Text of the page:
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Neural Plasticity
Volume 2011 (2011), Article ID 391763, 11 pages
Review Article

The Role of GABAergic Inhibition in Ocular Dominance Plasticity

Department of Molecular Visual Plasticity, Netherlands Institute for Neuroscience, Royal Netherlands Academy of Arts and Sciences, Meibergdreef 47, 1105BA Amsterdam, The Netherlands

Received 27 April 2011; Accepted 27 May 2011

Academic Editor: Bjorn Kampa

Copyright © 2011 J. Alexander Heimel et al. This is an open access article distributed under the Creative Commons Attribution License, which permits unrestricted use, distribution, and reproduction in any medium, provided the original work is properly cited.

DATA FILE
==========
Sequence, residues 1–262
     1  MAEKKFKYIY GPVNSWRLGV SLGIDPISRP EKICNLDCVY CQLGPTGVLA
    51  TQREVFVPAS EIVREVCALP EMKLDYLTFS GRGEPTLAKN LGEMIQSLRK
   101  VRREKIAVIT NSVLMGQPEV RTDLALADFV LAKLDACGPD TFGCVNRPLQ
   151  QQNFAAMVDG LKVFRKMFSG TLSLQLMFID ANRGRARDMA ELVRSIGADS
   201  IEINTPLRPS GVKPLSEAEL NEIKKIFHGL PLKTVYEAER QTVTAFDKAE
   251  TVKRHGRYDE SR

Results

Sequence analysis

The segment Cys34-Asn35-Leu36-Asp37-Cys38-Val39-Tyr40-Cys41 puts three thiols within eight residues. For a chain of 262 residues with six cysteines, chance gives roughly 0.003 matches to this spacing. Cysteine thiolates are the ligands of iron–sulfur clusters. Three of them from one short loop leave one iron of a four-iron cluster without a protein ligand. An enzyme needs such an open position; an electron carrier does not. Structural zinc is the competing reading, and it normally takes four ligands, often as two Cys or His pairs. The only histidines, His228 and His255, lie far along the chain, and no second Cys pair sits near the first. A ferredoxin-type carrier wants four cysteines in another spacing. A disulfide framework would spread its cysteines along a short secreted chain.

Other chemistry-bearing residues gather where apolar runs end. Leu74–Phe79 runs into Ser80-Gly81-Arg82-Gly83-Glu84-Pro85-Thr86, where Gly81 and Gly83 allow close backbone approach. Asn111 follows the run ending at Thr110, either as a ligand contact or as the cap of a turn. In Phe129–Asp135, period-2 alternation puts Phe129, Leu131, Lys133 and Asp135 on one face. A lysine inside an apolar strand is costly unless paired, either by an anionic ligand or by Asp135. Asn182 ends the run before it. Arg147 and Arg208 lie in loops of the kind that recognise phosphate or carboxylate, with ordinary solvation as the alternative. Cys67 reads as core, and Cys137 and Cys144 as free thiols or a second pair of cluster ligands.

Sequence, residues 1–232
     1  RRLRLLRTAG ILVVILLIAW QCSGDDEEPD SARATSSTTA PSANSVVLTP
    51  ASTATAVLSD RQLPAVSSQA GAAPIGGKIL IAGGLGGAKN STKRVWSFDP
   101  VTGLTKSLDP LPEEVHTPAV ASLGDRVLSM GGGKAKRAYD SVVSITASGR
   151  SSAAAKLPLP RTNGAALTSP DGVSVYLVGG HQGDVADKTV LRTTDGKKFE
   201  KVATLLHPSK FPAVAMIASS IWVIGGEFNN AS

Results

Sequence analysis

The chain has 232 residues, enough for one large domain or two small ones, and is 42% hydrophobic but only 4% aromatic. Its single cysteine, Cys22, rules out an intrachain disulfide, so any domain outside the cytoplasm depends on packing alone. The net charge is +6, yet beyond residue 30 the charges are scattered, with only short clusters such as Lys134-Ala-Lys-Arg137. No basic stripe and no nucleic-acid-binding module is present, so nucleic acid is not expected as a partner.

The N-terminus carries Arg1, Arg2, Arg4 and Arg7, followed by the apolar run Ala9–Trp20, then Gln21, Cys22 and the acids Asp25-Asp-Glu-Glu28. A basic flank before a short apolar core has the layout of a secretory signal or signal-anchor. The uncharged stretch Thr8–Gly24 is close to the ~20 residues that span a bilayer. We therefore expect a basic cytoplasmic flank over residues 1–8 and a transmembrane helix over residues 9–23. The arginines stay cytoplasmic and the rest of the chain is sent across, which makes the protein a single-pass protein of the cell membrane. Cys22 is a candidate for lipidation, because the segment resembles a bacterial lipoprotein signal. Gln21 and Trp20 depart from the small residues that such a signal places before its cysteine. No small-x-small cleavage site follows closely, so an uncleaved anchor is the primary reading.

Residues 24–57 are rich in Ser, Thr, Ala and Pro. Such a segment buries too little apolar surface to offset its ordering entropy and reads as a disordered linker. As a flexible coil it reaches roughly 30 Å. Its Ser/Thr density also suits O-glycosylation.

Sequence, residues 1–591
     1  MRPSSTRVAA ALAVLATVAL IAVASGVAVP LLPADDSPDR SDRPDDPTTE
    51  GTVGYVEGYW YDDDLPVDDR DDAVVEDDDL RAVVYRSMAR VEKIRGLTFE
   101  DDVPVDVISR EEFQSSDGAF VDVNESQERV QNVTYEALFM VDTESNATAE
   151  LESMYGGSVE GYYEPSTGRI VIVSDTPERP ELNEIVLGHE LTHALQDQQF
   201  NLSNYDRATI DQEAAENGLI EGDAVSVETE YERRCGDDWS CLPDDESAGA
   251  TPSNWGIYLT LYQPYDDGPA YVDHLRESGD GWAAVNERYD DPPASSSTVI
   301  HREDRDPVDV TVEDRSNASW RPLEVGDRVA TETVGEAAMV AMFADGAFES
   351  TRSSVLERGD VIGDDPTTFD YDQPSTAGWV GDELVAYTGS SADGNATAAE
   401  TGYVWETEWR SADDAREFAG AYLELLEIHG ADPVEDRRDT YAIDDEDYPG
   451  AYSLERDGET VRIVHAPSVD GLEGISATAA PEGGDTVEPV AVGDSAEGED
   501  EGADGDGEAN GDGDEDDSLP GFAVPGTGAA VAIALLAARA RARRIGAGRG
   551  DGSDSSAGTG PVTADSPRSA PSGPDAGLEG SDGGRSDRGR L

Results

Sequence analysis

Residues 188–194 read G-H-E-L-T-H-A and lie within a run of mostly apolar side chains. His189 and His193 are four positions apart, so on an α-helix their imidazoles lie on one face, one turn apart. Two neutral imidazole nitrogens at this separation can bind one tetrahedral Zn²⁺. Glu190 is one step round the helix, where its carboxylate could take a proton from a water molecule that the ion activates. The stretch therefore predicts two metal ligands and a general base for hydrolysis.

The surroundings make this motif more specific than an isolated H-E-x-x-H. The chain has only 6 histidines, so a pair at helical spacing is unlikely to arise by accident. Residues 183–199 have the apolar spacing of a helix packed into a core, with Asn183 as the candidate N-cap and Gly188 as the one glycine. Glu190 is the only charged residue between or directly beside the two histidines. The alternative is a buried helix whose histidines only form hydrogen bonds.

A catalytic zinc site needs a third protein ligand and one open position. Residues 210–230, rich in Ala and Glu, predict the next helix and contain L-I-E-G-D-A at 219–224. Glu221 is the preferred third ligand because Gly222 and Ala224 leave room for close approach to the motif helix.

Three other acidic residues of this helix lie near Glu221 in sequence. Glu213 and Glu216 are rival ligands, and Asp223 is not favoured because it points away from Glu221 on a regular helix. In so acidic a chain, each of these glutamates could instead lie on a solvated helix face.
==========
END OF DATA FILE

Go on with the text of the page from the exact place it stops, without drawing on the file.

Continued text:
During the last decade, we have gained much insight into the mechanisms that open and close a sensitive period of plasticity in the visual cortex. This brings the hope that novel treatments can be developed for brain injuries requiring renewed plasticity potential and neurodevelopmental brain disorders caused by defective synaptic plasticity. One of the central mechanisms responsible for opening the sensitive period is the maturation of inhibitory innervation. Many molecular and cellular events have been identified that drive this developmental process, including signaling through BDNF and IGF-1, transcriptional control by OTX2, maturation of the extracellular matrix, and GABA-regulated inhibitory synapse formation. The mechanisms through which the development of inhibitory innervation triggers and potentially closes the sensitive period may involve plasticity of inhibitory inputs or permissive regulation of excitatory synapse plasticity. Here, we discuss the current state of knowledge in the field and open questions to be addressed.